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K1CJS
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Posts: 5879




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« Reply #13 on: January 30, 2011, 08:26:16 AM »

Simple and plain, it is that good audio is easier to hear and understand.  The hams that don't go overboard, that is they don't brag about how they have an 'X' microphone, a 'Y' equalizer and a 'Z' hookup, and are just trying to get the best audio out understand this.  The stock microphone made for a rig isn't the hands down best choice for some hams because of their voices, but it is for most hams most of the time.

Hams who, however, have to have 'braggin' rights' and just have to tell the person on the other end how many toys they have do it for just that purpose--to brag about how many toys they have.
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W3ML
Member

Posts: 166




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« Reply #14 on: January 30, 2011, 09:55:17 AM »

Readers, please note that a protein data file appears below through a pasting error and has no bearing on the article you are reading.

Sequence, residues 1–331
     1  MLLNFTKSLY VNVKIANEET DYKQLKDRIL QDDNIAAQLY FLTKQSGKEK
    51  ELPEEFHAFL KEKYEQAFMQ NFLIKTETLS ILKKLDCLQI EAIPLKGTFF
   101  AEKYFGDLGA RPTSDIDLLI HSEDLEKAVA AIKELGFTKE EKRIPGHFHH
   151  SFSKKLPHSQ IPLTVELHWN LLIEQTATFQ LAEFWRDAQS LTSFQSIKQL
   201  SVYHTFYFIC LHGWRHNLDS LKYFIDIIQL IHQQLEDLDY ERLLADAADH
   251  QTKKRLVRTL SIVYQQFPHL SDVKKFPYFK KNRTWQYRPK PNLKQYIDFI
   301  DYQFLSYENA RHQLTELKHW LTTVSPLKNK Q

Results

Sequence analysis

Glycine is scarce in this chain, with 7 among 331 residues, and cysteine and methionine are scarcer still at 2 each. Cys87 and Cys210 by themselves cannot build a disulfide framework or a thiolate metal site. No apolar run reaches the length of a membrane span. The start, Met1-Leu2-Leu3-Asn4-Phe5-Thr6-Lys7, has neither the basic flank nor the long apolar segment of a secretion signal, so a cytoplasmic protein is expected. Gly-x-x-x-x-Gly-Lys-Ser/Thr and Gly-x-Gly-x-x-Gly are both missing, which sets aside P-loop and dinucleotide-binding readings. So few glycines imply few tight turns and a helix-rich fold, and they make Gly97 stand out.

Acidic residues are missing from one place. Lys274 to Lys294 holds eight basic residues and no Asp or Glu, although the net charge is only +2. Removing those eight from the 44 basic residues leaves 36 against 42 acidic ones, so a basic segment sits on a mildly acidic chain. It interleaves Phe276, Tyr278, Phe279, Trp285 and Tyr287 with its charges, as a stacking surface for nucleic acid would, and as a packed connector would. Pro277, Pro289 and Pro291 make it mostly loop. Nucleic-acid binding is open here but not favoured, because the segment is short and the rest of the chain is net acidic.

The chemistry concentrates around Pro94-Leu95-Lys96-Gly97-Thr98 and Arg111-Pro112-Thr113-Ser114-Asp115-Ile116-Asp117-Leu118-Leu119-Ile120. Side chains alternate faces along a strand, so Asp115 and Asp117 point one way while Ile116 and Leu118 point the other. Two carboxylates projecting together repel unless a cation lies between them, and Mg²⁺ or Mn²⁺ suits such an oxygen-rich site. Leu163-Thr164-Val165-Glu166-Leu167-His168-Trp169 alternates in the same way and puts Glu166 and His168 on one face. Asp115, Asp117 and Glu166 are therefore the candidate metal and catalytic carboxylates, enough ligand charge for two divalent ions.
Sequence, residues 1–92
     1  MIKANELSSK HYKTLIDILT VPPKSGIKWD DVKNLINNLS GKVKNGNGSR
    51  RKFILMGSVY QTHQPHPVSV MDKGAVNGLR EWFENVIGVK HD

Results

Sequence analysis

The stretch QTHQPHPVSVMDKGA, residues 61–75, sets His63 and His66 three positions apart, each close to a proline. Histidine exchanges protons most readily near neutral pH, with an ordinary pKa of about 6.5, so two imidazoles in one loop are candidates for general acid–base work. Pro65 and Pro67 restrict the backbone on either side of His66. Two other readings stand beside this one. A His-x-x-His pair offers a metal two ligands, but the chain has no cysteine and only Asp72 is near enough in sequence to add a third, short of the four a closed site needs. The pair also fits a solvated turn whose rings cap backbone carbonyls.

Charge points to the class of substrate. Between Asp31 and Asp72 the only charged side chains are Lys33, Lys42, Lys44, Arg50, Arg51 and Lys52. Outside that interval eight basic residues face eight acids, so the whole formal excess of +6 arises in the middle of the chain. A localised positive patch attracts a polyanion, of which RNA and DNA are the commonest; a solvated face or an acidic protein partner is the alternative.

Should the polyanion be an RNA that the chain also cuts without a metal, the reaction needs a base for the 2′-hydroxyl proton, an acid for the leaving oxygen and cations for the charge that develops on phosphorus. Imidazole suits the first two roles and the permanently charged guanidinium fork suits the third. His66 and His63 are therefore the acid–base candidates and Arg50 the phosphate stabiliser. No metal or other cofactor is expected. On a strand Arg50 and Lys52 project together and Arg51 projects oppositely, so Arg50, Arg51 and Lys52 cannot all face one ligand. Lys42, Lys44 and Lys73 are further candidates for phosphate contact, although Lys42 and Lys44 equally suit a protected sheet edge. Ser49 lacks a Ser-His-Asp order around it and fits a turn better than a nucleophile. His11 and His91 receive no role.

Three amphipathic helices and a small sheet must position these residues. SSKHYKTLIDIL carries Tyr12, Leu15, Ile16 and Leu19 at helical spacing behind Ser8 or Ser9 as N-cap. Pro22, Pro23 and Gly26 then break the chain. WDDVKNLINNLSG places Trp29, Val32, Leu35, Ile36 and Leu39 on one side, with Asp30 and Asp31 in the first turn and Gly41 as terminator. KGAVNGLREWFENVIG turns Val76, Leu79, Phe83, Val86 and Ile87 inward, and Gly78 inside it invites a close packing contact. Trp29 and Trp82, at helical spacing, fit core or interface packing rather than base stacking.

The IF filter in a modern SSB transmitter will intentionally limit the audio frequency response to about 300 - 3000 Hz. The filter response however is not perfect and the edges reduce the signal level gradually.


That doesn't really apply to rigs that do all their modulation/demodulation using DSP, as many rigs do today.

I can set my upper and lower TX bandwidth limits, and overall bandwidth (resulting from that), to almost anything I want them to be and when they roll off, it's like throwing a switch.

I usually set "low" to 300 Hz, and "high" to 2700 Hz or 3000 Hz and have a resulting BW of 2.4 to 2.7 kHz.  But if I switch to AM and we have a clear frequency, I'll set "high" to 3900 Hz and have resulting 3.6 kHz BW.  It sounds way better.  But if the band's all jammed up with QRM, nobody will appreciate that. Wink

If this true with these units, then why do most guys that use one splatter up and over 5 KHZ each way? 
There was one on 20 meters yesterday that was over 6 Khz and God forbid someone tell him that he is over-modulating.

John, W3ML